Evangelicalism

Evangelicalism (/ˌvænˈɛlɪkəlɪzəm, ˌɛvæn-, -ən/), also called evangelical Christianity, or evangelical Protestantism,[note 1] is a worldwide trans-denominational movement within Protestant Christianity that maintains the belief that the essence of the Gospel consists of the doctrine of salvation by grace alone, solely through faith in Jesus' atonement.[1][2][3][4] Evangelicals believe in the centrality of the conversion or "born again" experience in receiving salvation, in the authority of the Bible as God's revelation to humanity, and in spreading the Christian message. The movement has long had a presence in the Anglosphere before spreading further afield in the 19th, 20th and early 21st centuries.

Its origins are usually traced to 1738, with various theological streams contributing to its foundation, including Pietism, Puritanism, Quakerism, Presbyterianism and Moravianism (in particular its bishop Nicolaus Zinzendorf and his community at Herrnhut).[5][6][7] Preeminently, John Wesley and other early Methodists were at the root of sparking this new movement during the First Great Awakening. Today, evangelicals are found across many Protestant branches, as well as in various denominations not subsumed to a specific branch.[8] Among leaders and major figures of the evangelical Protestant movement were Nicolaus Zinzendorf, George Fox, John Wesley, George Whitefield, Jonathan Edwards, Billy Graham, Bill Bright, Harold Ockenga, John Stott and Martyn Lloyd-Jones.[5][7][9][10] The movement gained great momentum during the 18th and 19th centuries with the Great Awakenings in Great Britain and the United States.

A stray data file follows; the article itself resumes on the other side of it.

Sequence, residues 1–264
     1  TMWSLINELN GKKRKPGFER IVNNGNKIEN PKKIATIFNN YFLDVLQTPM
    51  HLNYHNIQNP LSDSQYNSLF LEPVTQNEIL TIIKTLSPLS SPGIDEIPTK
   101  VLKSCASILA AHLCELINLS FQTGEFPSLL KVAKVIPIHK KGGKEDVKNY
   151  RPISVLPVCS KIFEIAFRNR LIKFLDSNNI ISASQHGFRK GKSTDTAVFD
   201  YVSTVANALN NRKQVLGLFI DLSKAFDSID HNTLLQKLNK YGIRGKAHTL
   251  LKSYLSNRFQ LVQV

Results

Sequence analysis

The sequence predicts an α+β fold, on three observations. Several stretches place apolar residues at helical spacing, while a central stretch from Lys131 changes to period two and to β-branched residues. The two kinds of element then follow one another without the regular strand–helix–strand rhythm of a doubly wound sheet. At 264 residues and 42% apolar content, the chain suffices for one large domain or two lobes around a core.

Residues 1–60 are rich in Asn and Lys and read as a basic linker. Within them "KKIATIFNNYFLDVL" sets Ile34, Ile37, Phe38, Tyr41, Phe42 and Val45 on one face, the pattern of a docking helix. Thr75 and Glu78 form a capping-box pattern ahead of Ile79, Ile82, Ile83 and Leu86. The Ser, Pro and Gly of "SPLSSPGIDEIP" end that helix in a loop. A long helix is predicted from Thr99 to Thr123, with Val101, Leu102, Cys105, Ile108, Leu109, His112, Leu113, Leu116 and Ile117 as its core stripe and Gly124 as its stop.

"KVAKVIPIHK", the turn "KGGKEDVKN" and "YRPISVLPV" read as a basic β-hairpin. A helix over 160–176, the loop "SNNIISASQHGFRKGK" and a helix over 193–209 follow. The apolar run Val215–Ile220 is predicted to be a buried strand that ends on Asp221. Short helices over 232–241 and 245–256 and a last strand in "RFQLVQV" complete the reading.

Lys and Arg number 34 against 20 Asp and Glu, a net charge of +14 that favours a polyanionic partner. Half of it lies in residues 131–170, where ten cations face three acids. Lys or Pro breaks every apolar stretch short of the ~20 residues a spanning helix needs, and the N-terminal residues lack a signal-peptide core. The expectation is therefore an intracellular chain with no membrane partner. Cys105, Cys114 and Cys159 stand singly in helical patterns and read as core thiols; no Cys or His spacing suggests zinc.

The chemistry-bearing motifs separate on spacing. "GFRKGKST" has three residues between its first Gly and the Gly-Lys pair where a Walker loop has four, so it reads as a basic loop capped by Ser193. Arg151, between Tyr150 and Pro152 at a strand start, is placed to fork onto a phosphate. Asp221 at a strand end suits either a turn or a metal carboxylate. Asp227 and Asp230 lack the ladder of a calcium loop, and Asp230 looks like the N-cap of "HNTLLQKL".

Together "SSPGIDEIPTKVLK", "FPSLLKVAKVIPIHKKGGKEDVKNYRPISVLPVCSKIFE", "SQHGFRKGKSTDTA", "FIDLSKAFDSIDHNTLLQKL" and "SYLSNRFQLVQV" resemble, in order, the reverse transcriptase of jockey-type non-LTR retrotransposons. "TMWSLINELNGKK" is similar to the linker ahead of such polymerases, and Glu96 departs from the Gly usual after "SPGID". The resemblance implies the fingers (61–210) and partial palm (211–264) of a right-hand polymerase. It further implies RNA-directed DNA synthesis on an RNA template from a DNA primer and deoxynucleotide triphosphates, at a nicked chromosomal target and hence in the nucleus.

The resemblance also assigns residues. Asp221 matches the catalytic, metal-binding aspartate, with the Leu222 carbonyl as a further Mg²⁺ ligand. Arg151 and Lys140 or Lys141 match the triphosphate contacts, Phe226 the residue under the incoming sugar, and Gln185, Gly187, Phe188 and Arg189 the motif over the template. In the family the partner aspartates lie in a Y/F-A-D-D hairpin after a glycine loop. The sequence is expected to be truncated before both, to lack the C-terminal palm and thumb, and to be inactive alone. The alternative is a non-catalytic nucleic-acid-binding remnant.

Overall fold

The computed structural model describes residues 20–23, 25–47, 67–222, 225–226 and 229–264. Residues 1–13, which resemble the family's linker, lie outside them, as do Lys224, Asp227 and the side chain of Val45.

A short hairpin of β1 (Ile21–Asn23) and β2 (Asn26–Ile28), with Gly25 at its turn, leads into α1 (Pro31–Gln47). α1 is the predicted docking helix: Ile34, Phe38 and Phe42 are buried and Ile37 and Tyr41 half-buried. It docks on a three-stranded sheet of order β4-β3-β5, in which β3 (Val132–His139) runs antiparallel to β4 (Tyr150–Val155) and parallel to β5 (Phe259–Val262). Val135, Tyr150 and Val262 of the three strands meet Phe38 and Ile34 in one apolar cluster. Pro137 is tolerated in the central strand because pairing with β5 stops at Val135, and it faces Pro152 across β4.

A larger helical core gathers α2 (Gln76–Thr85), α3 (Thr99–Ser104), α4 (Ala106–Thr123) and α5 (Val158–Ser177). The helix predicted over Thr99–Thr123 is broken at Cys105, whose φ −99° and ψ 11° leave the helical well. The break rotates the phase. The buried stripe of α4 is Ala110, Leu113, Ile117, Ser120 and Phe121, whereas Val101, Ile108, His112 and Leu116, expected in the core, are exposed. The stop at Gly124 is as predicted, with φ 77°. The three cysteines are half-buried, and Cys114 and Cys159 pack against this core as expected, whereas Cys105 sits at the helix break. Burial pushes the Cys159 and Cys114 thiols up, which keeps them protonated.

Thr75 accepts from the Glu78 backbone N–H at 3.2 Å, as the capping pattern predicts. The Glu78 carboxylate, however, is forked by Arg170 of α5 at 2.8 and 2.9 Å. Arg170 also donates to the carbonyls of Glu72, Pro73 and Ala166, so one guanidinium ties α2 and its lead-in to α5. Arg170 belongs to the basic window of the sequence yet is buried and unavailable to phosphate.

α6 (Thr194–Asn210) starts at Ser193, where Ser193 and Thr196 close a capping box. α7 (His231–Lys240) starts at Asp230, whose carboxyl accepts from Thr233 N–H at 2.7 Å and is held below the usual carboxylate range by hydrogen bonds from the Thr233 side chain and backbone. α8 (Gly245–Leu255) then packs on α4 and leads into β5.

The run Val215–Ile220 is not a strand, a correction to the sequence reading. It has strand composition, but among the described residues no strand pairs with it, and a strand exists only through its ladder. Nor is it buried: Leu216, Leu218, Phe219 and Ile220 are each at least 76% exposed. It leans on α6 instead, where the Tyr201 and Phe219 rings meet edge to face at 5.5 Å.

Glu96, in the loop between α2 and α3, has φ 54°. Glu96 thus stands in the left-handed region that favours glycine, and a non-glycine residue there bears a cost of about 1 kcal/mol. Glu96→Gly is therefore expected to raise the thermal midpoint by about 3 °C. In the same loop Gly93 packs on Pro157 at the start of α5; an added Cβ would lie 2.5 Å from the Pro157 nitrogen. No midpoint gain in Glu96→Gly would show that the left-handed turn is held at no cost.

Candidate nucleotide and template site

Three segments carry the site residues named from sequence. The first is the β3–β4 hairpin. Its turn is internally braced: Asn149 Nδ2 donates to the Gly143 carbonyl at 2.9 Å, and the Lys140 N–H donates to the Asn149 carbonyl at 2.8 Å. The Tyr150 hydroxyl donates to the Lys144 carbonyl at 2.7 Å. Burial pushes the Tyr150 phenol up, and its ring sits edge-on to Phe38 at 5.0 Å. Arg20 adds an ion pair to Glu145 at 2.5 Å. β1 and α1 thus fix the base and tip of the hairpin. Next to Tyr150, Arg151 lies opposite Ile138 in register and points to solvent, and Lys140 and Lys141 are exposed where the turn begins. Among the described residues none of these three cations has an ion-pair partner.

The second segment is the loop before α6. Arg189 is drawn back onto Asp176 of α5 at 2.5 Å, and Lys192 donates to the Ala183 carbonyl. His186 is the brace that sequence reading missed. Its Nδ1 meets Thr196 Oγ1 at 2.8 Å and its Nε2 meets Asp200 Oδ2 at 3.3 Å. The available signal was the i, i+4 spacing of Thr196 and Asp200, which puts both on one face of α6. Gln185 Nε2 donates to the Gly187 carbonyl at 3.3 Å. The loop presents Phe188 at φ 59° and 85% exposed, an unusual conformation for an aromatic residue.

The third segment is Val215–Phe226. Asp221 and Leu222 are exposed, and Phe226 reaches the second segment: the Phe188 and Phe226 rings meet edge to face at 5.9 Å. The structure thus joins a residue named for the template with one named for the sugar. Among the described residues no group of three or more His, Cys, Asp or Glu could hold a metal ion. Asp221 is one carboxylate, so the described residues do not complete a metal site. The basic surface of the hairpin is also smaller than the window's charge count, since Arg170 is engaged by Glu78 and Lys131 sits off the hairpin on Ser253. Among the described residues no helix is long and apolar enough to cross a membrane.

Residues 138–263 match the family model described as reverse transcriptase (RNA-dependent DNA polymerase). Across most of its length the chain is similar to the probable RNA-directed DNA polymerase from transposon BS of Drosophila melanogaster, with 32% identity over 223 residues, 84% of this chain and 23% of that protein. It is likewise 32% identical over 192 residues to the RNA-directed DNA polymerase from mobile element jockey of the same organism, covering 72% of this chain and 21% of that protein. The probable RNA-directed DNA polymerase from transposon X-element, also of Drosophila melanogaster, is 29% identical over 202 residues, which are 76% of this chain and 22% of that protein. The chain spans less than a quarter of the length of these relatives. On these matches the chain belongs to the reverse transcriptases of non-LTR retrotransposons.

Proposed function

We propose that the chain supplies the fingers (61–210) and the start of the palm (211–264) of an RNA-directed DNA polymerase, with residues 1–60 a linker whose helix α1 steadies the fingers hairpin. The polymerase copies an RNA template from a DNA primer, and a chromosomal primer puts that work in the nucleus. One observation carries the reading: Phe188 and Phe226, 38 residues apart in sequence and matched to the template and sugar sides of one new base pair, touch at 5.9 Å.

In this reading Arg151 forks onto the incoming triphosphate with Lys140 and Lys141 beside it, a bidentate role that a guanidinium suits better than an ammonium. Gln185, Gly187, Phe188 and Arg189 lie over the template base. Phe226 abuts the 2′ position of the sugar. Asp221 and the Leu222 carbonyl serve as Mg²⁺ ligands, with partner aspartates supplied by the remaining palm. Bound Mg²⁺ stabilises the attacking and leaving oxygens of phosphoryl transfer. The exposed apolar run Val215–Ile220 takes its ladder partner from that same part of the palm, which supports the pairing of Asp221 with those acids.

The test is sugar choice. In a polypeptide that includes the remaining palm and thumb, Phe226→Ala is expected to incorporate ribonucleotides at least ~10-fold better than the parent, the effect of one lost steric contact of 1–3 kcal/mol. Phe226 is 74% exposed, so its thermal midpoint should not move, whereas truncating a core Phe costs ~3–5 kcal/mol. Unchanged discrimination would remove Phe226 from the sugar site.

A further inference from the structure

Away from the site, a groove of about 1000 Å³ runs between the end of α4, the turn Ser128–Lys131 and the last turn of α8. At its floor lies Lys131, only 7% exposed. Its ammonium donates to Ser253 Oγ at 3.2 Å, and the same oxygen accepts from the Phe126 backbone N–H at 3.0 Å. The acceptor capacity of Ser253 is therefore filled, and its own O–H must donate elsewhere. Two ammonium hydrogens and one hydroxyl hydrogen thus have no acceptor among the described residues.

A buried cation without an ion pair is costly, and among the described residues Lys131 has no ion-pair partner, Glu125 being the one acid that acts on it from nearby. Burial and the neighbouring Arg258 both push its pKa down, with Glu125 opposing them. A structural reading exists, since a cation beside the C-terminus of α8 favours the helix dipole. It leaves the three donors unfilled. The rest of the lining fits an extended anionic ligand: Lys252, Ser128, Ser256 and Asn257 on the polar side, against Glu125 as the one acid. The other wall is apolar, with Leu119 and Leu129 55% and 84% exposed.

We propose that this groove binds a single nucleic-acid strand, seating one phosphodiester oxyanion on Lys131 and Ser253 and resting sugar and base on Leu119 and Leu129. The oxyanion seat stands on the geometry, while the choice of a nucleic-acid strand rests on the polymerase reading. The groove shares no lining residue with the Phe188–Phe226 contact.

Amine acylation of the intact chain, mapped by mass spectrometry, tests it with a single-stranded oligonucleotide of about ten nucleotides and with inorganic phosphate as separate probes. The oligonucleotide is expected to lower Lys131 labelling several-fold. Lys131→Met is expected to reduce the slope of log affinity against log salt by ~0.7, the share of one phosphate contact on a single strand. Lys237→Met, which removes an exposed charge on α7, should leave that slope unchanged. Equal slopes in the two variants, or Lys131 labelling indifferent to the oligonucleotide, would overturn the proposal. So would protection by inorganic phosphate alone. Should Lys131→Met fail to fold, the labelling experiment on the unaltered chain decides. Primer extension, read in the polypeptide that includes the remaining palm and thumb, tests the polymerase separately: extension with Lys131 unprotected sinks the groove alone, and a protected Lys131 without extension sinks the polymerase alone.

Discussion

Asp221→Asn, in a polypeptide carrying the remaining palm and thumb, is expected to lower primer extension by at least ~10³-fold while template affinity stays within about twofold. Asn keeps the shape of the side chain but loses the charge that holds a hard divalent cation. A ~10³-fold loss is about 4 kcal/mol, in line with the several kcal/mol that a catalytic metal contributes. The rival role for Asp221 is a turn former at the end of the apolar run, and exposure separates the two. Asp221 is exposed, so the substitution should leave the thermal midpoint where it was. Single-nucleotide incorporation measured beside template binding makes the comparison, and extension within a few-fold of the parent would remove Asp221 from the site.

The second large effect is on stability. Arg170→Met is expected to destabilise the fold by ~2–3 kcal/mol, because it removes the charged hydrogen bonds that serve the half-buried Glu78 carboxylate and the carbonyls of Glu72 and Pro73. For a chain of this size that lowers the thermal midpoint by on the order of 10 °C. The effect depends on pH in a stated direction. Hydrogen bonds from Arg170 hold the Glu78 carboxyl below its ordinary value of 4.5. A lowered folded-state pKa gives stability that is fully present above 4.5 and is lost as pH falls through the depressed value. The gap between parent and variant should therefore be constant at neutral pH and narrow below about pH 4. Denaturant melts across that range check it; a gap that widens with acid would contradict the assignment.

In 2016, there were an estimated 619 million evangelicals in the world, meaning that one in four Christians would be classified as evangelical.[11] The United States has the largest proportion of evangelicals in the world.[12] American evangelicals are a quarter of that nation's population and its single largest religious group.[13][14] As a trans-denominational coalition, evangelicals can be found in nearly every Protestant denomination and tradition, particularly within the Reformed (Calvinist), Baptist, Methodist (Wesleyan-Arminian), Moravian, Pentecostal and charismatic churches.[15][16][17][10]